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Torrefaction: The Next Big Thing in Biomass

April 06, 2009
Author: Suz-Anne Kinney

A February report in the Charleston Regional Business Journal describes efforts by Agri-Tech Producers CEO Joe James to develop four torrefaction plants in South Carolina over the next five years. Integro Earthfuels also has big plans for torrefied biomass. They’ve announced intentions to build 10 commercial-scale torrefaction plants in the United States, the first of which will be located in Roxboro, N.C. and have an initial capacity of 84,000 tons per year.

We think this trend will continue. Why? While producing energy from biomass has many benefits — it is a local, renewable and carbon neutral energy source — there are also some obstacles: moisture content, energy density and transportation costs and logistics. These problems can all be solved by a process that uses torrefaction and pelletization (TOP) to create torrefied biomass, also known as e-coal and bio-coal. The torrefaction process is similar to the method used to dry and roast coffee beans: you apply heat (400-570 °F) in the absence of oxygen, thereby removing moisture (the origin of the word torrefaction are French, meaning “to make thirsty”). The benefits of torrefied biomass include :

  • It takes up less space and is cheaper to transport; as a result, it can be shipped longer distances making exporting biomass a more realistic and profitable venture. One study in the Netherlands found that long-distance trade and logistics of torrefied biomass were 30-70 percent more economical than raw biomass.
  • Unlike regular pellets, which reabsorb water during shipping and storage, torrefied biomass resists water. Like coal, it can be stored without cover.
  • It is extremely stable; it can withstand 1.5-2 times the crushing force than regular pellets.
  • The decomposition that occurs at this temperature level cause the fibrous structure of the wood to loosen; as a result, its grindability improves to the extent that it can be co-fired with coal at the amounts of 10, perhaps even 30 percent. Because it can be pulverized with existing coal pulverizers, the capital costs necessary for co-firing are reduced. This same characteristic makes bio-coal an ideal feedstock for converting biomass to cellulosic ethanol, since it makes gasification easier.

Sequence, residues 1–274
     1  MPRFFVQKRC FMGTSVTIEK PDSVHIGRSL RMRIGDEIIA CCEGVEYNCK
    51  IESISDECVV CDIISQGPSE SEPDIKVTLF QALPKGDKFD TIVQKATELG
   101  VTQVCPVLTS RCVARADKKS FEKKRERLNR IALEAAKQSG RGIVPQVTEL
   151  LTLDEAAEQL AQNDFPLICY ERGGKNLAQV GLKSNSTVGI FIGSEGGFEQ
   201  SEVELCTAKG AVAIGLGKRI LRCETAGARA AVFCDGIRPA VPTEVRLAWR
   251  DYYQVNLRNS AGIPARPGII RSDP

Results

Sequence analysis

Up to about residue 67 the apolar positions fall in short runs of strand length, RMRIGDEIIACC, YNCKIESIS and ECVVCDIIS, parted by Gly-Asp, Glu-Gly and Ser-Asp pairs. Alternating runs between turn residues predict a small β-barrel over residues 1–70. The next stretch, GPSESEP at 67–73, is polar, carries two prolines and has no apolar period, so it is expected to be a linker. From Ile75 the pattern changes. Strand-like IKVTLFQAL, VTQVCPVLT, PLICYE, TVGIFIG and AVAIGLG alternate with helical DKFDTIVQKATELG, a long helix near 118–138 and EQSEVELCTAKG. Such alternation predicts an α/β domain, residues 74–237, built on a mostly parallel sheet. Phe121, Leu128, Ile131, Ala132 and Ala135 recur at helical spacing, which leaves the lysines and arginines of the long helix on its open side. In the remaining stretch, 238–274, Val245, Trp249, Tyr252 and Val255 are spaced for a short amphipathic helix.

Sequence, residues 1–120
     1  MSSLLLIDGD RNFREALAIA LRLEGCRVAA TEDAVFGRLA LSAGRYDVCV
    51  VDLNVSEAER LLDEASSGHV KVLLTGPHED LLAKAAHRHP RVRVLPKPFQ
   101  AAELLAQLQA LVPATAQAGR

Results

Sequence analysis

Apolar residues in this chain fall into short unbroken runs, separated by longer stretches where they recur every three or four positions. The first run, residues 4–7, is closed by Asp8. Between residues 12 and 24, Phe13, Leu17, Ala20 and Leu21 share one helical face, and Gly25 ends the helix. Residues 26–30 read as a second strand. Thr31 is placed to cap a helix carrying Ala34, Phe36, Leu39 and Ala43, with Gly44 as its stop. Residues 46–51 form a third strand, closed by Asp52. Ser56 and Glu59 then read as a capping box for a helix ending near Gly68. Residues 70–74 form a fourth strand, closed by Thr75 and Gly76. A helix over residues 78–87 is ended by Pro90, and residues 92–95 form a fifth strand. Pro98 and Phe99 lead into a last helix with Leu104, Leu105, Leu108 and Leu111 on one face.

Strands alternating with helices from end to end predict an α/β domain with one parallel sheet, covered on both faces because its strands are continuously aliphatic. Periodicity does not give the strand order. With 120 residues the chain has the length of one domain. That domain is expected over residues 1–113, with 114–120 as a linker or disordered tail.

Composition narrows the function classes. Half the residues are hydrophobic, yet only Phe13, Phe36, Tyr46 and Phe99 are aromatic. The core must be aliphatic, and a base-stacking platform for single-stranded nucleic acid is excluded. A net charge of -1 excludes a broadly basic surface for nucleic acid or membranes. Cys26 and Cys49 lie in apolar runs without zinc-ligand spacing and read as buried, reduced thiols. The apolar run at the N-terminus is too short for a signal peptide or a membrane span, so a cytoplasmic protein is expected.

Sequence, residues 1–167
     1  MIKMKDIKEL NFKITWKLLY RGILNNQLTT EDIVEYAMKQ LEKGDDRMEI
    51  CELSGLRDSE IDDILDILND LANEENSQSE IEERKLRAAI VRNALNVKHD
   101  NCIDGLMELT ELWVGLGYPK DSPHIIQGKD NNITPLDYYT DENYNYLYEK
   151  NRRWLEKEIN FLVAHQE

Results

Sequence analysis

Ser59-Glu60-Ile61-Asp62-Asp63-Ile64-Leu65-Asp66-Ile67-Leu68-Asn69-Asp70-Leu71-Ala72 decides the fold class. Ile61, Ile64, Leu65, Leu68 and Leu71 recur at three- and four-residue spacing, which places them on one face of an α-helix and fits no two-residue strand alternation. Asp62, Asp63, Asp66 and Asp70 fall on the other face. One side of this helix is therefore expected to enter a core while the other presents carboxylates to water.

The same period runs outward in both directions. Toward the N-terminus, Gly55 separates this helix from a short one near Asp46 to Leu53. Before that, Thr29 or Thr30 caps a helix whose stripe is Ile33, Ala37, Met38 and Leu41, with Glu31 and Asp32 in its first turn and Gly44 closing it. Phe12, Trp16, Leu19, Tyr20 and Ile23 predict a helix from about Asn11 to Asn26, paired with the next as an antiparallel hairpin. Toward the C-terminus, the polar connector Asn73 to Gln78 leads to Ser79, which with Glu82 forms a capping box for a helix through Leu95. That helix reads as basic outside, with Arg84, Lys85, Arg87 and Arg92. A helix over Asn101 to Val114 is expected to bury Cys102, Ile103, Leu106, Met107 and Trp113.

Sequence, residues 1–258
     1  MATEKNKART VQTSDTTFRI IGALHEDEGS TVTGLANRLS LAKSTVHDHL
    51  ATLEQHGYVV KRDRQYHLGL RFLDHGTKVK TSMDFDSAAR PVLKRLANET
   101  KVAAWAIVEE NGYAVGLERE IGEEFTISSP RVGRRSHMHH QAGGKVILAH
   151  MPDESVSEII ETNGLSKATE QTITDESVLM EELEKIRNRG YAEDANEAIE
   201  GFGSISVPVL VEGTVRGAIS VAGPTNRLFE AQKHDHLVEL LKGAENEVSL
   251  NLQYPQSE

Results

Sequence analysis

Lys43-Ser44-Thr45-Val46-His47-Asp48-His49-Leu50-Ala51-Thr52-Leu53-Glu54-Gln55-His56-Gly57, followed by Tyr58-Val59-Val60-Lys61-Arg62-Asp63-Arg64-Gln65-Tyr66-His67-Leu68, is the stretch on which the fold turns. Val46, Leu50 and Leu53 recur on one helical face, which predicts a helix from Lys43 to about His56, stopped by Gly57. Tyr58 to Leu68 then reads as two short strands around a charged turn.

• Torrefaction produces consistent and uniform feedstock; these qualities reduce risk of damage and inefficiency in wood-to-energy processes.
  • Most of the volatile organic compounds, like pinene and turpene, are burned off during torrefaction; as a result, less smoke is produced when the e-coal is burned and there is less danger of slagging a boiler.
  • The thermal efficiency of the torrefaction process is 96 percent. The treated biomass has a heating value of 11,000 Btu/lb, which is similar to that of coal at 12,000 Btu/lb.

At this stage of development, it appears that torrefied biomass has great potential for reducing the costs of the biomass-to-energy production chain. Two markets have the potential of spurring the development of torrefaction plants. As utility companies are being required to reduce carbon emissions by state renewable energy standards, more of them are investigating co-firing wood with coal. Their costs may be reduced significantly by using torrefied biomass. Because torrefaction makes wood more portable and durable, European energy companies will likely prefer bio-coal to regular pellets; this could lead to a real boon in exports.


Bergman, Patrick and Jacob Kiel. "Torrefaction for biomass upgrading," Energy Research Centre of the Netherlands. Available at:

Biopact. "Integro Earthfuels plans first torrefaction plant in the U.S." Available at:

Biopact. "Torrefaction gives biomass a 20% boost, makes logistics far more efficient." July 25, 2008.

Hadaway, Chelsea. "Biomass at forefront of dean energy in S.C." Charleston Regional Business Journal February 16, 2009. Available at

Hopkins, Chris and Joe James. "Using Torrefied Wood for Electricity and Pellet Production." Presentation. February 2008.

Zanzi, Rolando, et al. "Biomass torrefaction." Department of Chemical Engineering and Technology, Royal Institute of Technology, Stockholm, Sweden.

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